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Fertilize Container Plants

Because container gardens are usually grown to show off a lot color, the plants in them require more frequent fertilizing.

It's good to feed them every two weeks with a water-soluble complete fertilizer like a 20-20-20 or a hyrdolized fish fertilizer.

Regular feeding will help them fill in faster, and produce more flowers.


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Past Articles Library | Annual Flowers | Eye Catching Color Combinations and Ideas


At the moment, I have the luxury to choose whatever annual color plants I want, because these days, my plant choices are just for me. In the past, however, when I have chosen plant material, I had to be especially careful, because as a landscaper, the plants were going in front of very public places like restaurants, business parks, or even large private homes. No matter where they went, they always had to look good all the time.

I wanted to have healthy, long lasting color:

  • So I didn't have to change it out for the season
  • So it would be cost effective for the owner
  • So it would fill in and look even better as time went on
  • Because it made the establishment look good
  • Because it made me look good (I mean, let's be honest!)

Probably looks like a similar list of reasons you have for your annual flower criteria too. Well try some of the combinations I have listed below, because they will meet the criteria above, and I know you will be happy with them.



#1: One of my favorite summer color and plant combinations is red and yellow celosia, the plume variety, mixed with blue salvia, with a low border of sweet white alyssum.

Color:

  • What makes this color combination work is that your color scheme has the primary colors of red, blue, and yellow, which strongly appeal to us from childhood.
  • This color combination works anywhere. I seldom see people try this combination, and they should.

Plant Combination:

  • What makes this plant combination work, is that both the celosia and the salvia have long tall flowers. They compliment each other and then are offset by the low border of alyssum.
  • Try grouping similar flower types and get a little bold mixing the colors up.
  • Have you ever tried purple, yellow, and white with a green border of low mounding grasses? Get creative.



#2: Another good summer mix is a combination of summer madness petunias, with dusty miller, and a heavy border of white sweet alyssum.

Color:

  • What makes this color combination great, is that it is using a different base color of gray.
  • The summer madness petunia has a touch of gray in it that works really well with the gray in the dusty miller.
  • It is eye catching because it is not your usual mix of summer annuals like marigolds.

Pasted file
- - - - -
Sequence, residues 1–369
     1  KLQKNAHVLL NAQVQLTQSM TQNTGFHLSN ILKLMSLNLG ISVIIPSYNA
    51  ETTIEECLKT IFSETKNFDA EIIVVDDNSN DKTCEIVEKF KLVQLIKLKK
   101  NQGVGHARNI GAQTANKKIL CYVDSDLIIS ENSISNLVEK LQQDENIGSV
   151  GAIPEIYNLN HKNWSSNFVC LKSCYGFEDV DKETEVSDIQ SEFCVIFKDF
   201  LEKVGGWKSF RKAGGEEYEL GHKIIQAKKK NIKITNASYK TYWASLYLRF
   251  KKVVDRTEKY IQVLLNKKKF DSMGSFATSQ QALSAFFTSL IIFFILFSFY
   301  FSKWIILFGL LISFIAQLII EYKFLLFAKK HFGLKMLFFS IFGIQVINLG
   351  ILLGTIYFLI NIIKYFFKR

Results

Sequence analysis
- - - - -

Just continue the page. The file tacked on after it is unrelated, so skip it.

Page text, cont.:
• It has a sophisticated feel, but can be used anywhere, and the white border gives it a finished look.
  • I tend to put the taller dusty miller towards the back, fill in with the petunias, and finish with the white alyssum. You can try this, or do something with a different base color.

Plant Combination:

What makes this plant combination work is the drastically different textures. There is enough difference between the petunias and dusty miller to complement each other, without becoming too much.



#3: A good fall mixture is to use a combination of Iceland poppies with purple and pink stock, and either a border of lobelia, or alyssum, or one color of pansies.

Color:

  • What makes this color combination work is that it is very soft, and pastel-like.
  • When it is fall, and the days are getting shorter, all this bright color really can pop your yard out.
  • They are mostly warm colors, so they contrast with the cool temperatures at that time of year.

Plant Combination:

  • All these plants are very tall, and have long thin stems.
  • Again, try things with similar growing habits, and then contrast it with something low.
  • What also looks good with the poppies and stock can even be a border of festuca, the low mounding grasses that come in gray and green.



#4: A monoculture

One last idea for you to try, is an entire planting of Teddy Bear Sunflowers. The Teddy Bear variety are a dwarf, so they only get a foot or two tall. This is very eye-catching, and since these, and similar dwarf varieties, can be started from seed, they are very cost effective.



Lastly keep in mind, less is more.

  • If you are going to be trying any of the above in containers, great, but try using a few large containers instead of lots and lots of little pots.
  • Numerous pots tend to look cluttered and haphazard, while a few large containers placed here and there, look well planned, and do more to add a nice show of color that is noticed.

If you have ever been in one of those moods saying to yourself, " What could I plant that would be different this time?", I hope this has helped you answer the question!

Hilary Rinaldi is a professional landscaper who has written for gardening publications such as "Seed Trade News" and "Houseplant Magazine". She also has been a professional public speaker and educator in the gardening industry for over 20 years sharing gardening information and tips to as many people as she can.

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